“What will you leave behind?”
This is a question of LEGACY. What will you be remembered for? What will be the sum of your life contributions after you die?
Today we visited the Trial Bay Gaol at South West Rocks. Here’s an abridged history lesson, because it is informative and educational:
Trial Bay is about half way along a popular mid/late 1800’s shipping route, before highways and freight trucks were around. It was a perfect spot to take a break, as well as a great bay to shelter ships during bad seas. A plan was formulated to build a breakwater with convict labour, so the gaol was built to house inmates while they constructed the breakwater and thus create a Harbour of Safe Refuge – i.e. provide more shelter to endangered ships.
The gaol construction began in 1876, and took 13 years to build. Inmates began construction on the breakwater from around 1886 on and off until around 1903. Despite more than 10 years of construction, the breakwater had reached only 300m of the planned 1500m length, and had caused the formerly deep Trial Bay to fill considerably with sand. The breakwater was abandoned, as was the gaol and the project, because of the poor progress, and because ship construction had advanced to no longer need the harbour. The gaol was used again during WW1 to house “enemy aliens” from Germany, and was finally abandoned for good in 1922.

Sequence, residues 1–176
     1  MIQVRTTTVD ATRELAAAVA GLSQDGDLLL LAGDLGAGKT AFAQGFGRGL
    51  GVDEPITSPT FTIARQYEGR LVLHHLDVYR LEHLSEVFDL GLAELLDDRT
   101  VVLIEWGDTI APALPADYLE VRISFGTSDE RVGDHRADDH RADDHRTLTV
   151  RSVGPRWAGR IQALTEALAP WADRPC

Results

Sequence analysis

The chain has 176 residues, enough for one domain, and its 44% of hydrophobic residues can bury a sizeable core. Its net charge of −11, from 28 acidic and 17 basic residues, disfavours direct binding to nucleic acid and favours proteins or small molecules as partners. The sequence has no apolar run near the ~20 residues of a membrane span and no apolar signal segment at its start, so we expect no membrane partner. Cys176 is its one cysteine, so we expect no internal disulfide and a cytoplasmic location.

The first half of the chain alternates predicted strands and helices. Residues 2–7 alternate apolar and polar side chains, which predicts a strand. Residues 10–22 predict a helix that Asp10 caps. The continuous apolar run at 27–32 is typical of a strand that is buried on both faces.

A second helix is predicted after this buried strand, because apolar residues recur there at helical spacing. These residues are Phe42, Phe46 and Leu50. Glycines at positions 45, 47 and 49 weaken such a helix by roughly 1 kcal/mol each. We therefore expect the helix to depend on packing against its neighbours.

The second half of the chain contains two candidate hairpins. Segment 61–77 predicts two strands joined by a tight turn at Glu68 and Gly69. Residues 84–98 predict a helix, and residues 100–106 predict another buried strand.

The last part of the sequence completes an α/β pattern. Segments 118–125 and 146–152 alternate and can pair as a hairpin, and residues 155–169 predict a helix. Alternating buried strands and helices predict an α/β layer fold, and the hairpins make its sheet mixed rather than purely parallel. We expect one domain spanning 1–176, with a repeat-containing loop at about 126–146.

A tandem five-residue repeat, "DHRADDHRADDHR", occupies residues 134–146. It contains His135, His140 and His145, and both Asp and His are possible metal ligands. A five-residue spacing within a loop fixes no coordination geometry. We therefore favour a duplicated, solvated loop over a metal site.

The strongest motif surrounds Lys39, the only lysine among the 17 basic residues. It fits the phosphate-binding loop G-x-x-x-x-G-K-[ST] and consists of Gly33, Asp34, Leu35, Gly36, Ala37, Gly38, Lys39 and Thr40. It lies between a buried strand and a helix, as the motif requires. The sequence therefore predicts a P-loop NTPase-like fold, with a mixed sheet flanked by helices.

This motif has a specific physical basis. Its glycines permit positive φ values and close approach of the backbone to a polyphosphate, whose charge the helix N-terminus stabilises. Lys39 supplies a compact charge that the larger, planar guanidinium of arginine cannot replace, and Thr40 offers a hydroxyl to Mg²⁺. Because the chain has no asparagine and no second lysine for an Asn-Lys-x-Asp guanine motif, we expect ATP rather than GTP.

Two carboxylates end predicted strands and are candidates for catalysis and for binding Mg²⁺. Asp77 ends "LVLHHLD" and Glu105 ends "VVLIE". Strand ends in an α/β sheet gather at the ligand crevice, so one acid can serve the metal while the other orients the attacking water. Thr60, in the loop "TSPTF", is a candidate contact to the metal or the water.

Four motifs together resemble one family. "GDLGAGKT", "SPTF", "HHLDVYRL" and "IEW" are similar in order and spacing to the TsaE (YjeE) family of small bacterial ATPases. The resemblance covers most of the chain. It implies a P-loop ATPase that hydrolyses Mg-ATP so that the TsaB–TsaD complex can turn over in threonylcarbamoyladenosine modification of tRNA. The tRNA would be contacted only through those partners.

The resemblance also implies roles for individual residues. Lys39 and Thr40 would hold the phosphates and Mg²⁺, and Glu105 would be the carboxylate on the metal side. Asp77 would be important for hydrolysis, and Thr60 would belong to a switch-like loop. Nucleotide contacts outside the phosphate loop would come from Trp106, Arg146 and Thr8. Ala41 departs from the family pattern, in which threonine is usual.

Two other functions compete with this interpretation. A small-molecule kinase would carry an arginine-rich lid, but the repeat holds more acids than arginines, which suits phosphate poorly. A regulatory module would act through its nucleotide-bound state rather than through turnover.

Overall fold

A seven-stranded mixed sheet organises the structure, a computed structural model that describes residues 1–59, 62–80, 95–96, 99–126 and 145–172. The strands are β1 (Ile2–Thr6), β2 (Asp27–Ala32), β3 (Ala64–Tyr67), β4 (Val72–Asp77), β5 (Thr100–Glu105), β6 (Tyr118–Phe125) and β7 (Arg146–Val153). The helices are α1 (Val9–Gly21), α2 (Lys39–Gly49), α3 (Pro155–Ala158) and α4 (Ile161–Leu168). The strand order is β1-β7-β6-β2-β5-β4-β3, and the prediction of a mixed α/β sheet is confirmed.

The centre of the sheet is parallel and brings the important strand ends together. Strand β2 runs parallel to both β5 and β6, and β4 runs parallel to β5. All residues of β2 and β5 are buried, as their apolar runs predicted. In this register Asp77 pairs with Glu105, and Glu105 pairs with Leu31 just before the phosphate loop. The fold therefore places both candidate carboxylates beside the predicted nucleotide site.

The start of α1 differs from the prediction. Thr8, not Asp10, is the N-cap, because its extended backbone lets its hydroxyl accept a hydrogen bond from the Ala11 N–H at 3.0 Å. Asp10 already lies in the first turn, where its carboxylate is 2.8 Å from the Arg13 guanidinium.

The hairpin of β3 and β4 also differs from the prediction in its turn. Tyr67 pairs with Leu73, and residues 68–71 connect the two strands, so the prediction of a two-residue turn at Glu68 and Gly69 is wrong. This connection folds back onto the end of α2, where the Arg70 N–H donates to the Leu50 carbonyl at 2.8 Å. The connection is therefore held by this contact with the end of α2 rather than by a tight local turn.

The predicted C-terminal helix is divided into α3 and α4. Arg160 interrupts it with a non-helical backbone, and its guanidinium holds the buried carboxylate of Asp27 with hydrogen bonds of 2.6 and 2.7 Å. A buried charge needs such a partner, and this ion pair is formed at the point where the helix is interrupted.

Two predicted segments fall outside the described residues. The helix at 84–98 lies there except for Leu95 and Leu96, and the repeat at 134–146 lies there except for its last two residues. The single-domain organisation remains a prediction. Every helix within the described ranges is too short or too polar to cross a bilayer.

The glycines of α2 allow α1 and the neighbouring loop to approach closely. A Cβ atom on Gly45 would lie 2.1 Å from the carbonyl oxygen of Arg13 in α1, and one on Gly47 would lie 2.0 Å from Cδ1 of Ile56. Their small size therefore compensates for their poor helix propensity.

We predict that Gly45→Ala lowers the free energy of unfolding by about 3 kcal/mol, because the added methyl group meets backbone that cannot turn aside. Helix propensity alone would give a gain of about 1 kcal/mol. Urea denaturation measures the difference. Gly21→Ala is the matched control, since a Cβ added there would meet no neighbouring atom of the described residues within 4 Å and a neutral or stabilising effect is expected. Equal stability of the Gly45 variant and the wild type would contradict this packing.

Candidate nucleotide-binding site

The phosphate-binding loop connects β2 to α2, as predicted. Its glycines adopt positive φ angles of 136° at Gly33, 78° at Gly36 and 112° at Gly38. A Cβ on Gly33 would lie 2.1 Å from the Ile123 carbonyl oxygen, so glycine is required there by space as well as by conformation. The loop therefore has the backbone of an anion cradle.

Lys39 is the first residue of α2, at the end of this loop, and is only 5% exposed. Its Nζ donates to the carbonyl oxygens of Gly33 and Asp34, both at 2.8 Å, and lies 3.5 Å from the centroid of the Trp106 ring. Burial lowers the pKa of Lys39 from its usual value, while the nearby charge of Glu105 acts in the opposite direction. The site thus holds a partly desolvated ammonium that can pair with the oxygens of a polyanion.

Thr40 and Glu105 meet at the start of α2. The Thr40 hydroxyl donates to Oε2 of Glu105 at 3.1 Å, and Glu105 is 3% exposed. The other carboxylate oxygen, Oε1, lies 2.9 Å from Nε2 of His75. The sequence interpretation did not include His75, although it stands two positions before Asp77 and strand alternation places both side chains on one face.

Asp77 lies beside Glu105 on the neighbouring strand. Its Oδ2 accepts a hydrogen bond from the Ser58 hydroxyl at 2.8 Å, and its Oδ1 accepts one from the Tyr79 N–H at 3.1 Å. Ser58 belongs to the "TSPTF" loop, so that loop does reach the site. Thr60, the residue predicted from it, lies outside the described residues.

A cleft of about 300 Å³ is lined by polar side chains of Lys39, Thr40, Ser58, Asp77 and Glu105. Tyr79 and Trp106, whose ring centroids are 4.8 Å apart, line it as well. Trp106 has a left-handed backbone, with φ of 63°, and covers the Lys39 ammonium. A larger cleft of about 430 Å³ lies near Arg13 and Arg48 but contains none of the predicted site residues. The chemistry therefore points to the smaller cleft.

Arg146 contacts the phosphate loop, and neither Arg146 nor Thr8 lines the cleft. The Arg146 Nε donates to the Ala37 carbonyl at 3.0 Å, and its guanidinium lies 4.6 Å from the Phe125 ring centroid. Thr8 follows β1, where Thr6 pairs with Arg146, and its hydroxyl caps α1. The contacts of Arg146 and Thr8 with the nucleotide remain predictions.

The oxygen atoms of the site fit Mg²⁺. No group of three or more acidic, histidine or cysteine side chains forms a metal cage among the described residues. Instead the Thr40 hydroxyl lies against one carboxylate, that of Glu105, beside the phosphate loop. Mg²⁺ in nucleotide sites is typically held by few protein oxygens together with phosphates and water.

Three important points to be gleaned from this:
Things that last, take time to build. The timber roofs and beams were burned in a final, sanctioned torching of the gaol in 1922 and are obviously absent, but the granite structure of the buildings is still intact and sound (pictured), even after almost 140 years. “They don’t build ’em like they used to” is not just a cliché in this context; it is an absolute statement of fact.
Don’t mess with the Mother Nature. Man’s ingenuity of building a breakwater ended up disrupting the flow of sand out of Trial Bay, and completely changed the dynamic of the bay. Also, Mother Nature disrupted the construction by sending massive gales and stormy seas. Don’t mess with her. Seriously.
Dare to have a big vision. The man responsible for the vision of this prison and breakwater was Harold Maclean. He had a vision for this work, and despite dying only a few years after the prison was completed, his work continued and I wandered around in part of his built legacy today.
What will you leave behind?